The famous and oft-invoked story of the reintroduction of wolves into Yellowstone National Park after nearly a century of absence may have some gaps, according to one biologist.
Could the role of wolves in transforming the ecosystem in the iconic park by eating elk, thus allowing for the regeneration of trees and from that, other wildlife, be overblown? Recently a video about how wolves transformed not only the flora and fauna but also the very geography of the rivers went viral, and Indian Country Today Media Network showcased it as well.
But giving wolves credit for what is known as a “trophic cascade” may obscure other aspects of what is going on in the park and the ecology as a whole, wrote Yale postdoctoral fellow Arthur Middleton in a March 9 opinion piece for The New York Times. While the notion appeared “to make good sense” at the outset, he said, deeper study revealed that the wolves had not influenced events to the degree that was at first inferred.
“By insisting that wolves fixed a broken Yellowstone, we distract attention from the area’s many other important conservation challenges,” he wrote. “When we tell the wolf story, we get the Yellowstone story wrong.”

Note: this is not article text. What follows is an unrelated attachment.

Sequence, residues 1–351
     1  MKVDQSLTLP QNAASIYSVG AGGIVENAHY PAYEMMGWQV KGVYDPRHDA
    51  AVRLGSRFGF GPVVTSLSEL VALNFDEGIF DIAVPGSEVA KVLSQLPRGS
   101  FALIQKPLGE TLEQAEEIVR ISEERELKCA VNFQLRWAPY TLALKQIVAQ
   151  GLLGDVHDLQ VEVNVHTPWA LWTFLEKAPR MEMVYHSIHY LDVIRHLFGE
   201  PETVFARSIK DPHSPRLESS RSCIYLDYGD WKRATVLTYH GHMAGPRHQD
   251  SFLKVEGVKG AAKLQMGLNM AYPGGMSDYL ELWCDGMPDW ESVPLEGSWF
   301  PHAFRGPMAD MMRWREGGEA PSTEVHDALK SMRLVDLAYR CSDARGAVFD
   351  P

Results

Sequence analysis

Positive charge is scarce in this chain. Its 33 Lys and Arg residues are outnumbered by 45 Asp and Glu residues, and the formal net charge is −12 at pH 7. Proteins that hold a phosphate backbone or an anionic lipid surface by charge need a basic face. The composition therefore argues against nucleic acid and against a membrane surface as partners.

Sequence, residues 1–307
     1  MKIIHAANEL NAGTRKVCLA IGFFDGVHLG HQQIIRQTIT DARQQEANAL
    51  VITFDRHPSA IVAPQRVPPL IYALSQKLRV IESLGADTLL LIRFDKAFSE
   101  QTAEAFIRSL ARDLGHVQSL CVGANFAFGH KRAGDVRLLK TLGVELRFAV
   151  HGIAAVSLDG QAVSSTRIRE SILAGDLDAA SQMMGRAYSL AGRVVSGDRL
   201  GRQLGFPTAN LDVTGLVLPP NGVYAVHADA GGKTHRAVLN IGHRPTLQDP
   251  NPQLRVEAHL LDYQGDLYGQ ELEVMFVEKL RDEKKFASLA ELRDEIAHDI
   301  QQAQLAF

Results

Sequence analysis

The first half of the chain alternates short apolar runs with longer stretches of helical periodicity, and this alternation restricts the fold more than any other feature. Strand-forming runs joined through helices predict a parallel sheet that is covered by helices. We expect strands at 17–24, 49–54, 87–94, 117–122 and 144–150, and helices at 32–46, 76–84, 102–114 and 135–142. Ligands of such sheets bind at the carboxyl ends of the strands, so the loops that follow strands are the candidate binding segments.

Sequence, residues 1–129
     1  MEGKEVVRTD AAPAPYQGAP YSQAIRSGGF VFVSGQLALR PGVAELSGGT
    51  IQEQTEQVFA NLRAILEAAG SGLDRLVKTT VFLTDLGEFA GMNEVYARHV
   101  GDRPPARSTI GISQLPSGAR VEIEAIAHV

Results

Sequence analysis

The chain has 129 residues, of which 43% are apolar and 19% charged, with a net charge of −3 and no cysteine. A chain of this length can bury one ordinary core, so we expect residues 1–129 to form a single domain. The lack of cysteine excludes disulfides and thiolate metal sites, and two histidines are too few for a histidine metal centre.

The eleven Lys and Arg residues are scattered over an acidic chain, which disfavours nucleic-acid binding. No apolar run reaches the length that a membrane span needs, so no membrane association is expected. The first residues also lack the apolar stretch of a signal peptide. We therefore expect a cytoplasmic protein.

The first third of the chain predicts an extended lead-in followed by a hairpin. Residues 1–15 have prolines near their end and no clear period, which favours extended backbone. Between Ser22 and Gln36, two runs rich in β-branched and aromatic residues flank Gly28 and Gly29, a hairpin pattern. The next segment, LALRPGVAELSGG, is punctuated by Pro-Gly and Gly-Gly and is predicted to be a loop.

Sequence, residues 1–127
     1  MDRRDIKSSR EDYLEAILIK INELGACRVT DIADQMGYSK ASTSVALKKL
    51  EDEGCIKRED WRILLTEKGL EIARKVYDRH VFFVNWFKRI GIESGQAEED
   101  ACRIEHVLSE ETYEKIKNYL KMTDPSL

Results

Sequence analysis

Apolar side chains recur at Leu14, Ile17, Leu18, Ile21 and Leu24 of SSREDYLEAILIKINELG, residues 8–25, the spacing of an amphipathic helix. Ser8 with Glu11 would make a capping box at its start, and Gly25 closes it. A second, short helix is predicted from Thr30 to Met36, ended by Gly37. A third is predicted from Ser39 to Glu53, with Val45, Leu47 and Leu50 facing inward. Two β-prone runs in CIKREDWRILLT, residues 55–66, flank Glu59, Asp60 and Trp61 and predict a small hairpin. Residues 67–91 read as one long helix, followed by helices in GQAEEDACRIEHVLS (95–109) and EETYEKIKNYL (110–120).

For one thing, elk are tougher and Yellowstone a more complex ecosystem than originally thought, he noted. In addition, to focus solely on wolves as agents of change can obscure the fact that temperatures are at their highest in 6,000 years; infestations of fungus and beetles are eating away at whitebark pine; and migratory wildlife is being affected by drilling for natural gas, Middleton wrote. In other words, there are many more environmental problems afoot, many more than the wolves could influence, he said.
Though turning wolves into the bogeyman is not the answer, neither is “reciprocal myth making,” Middleton wrote.
Read Is the Wolf a Real American Hero? in The New York Times for an alternate perspective on the wolf issue.